Someone contacted the office a few months ago to tell us that Carroll's, an Irish bar and restaurant on East Main Street across from East High, has the only jukebox in town stocked with Shane MacGowan CDs.
This sounded like a dubious claim, but one worth looking into.
Had MacGowan, a notorious sot, not only been barred from drinking establishments all over the globe, but behaved so badly that the digital reproduction of his unintelligible voice, truly a confusion of ones and zeros, was banned in some bars, as well? (If so, it would set precedence in the practice of bar law --- a punishment more severe than that meted out in Rosie's v. That Jerk-off, in which the owner of a bar in Portland, Maine, gave an offender a triple life sentence: "You can't drink here; if you have kids, they can't drink here; and their kids are barred, too!")
If I was finally going to try to look into this, I figured I'd start with Carroll's, naturally, just to make sure it had the goods. (Plus, it's almost St. Patrick's Day, and tradition dictates that the media cover Irish things. Every other day of the year, we just drink in these places.)
Sure enough, Carroll's has MacGowan in spades. There's plenty of Pogues, too (the Irish pub band with punk inclinations and far too many strong libations that made MacGowan an ale-house name).
Having verified this, and having procured the obligatory Guinness, I stood at a loss in the little pub, listening to MacGowan blather out a tune from the jukebox that had been silent while I'd waited for the stout to slowly settle. No one there needed to hear music, necessarily --- they had the melody of one another's lilting voices to savor. (Kidding, I only heard one brogue that night.)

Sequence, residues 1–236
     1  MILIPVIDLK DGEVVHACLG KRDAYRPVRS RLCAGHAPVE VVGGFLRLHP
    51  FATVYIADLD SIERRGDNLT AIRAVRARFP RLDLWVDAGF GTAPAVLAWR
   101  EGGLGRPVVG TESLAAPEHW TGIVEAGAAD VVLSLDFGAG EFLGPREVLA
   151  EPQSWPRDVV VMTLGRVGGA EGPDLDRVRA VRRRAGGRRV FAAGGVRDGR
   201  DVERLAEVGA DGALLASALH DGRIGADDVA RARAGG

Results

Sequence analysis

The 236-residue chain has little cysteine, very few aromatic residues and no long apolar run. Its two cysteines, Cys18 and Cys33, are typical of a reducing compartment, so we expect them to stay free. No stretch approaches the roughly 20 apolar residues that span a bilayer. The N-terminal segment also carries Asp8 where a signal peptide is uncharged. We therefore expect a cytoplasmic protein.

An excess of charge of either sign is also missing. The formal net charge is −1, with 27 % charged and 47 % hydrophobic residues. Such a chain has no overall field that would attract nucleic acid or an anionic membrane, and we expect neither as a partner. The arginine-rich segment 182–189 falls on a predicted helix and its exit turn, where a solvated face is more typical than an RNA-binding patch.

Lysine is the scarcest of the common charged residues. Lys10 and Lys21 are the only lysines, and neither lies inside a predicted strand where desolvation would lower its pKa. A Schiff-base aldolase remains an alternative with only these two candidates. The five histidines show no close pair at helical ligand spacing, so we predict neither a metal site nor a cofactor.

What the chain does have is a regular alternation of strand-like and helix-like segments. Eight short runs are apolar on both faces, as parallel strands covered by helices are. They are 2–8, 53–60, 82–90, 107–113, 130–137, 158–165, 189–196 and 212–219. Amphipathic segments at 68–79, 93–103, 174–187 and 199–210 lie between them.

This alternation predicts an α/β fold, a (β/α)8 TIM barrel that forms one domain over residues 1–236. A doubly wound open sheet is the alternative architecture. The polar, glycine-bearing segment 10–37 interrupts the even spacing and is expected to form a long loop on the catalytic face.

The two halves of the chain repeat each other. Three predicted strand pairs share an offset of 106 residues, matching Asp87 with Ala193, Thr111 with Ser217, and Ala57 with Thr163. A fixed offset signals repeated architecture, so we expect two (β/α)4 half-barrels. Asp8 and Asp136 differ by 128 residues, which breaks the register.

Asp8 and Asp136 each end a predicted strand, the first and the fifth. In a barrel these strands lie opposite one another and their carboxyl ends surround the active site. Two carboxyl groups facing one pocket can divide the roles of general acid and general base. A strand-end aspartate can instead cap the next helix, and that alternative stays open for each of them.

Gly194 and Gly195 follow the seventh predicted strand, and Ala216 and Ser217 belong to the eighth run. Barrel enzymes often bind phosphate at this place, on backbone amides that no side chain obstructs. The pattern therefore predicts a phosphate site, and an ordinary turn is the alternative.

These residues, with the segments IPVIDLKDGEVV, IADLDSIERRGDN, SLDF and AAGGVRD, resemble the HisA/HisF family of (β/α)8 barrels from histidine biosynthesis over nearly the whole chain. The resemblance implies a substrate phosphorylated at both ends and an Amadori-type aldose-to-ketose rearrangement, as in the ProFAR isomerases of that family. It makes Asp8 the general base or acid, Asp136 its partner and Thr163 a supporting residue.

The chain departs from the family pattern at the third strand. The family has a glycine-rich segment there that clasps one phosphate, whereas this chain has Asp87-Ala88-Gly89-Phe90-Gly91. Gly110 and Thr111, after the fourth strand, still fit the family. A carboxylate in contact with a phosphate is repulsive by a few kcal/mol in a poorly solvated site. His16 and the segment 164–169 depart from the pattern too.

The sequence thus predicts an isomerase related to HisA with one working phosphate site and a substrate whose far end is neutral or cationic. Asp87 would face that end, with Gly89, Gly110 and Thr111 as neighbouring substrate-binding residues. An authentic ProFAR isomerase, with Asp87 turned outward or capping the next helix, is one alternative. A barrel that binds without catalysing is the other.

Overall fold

Every seat at the bar was occupied, all dozen or so of 'em. There was a dining area the same tiny size as the drinking area, with a dartboard. A few families were eating over there. (The dartboard wouldn't be used for a couple hours.) Cardboard shamrocks spun from the ceiling, green garland hung from the walls.
The ladies at the bar were, well, ladies. A small group of regulars played a good-natured game of "poker" using the serial numbers on dollar bills to bid hands of some sort, but the rules of this strange Irish game were beyond my ken. Soon enough, a seat opened up. And before I'd finished a second stout, I was feeling quite at home. Carroll's is a friendly place, and the fish fry was excellent.
So, should you go to Carroll's on St. Pat's Day?
Before you go, consider this: Carroll's is small. Actually, it's just the right size for the neighborhood crowd that hangs there the other 364 1/4 days of the year. But on St. Patrick's Day, it must be like a boat fleeing the potato famine --- minus most of the Irish people. Granted, they'll be serving corned beef suppers, but you can always get the sandwich on some uncrowded night.
And for another thing, St. Patrick's Day is "amateur night" on the weekday drinking circuit. College students who actually study and other homebodies feel the rare effect of a worknight drunk and get giddy, disoriented in the sanctioned irresponsibility of it all, and lose responsibility for the contents of their stomachs. Call it St. Patrick's Purgation, if you will.
If I were you, I'd steer clear 'til Tuesday. Cheers.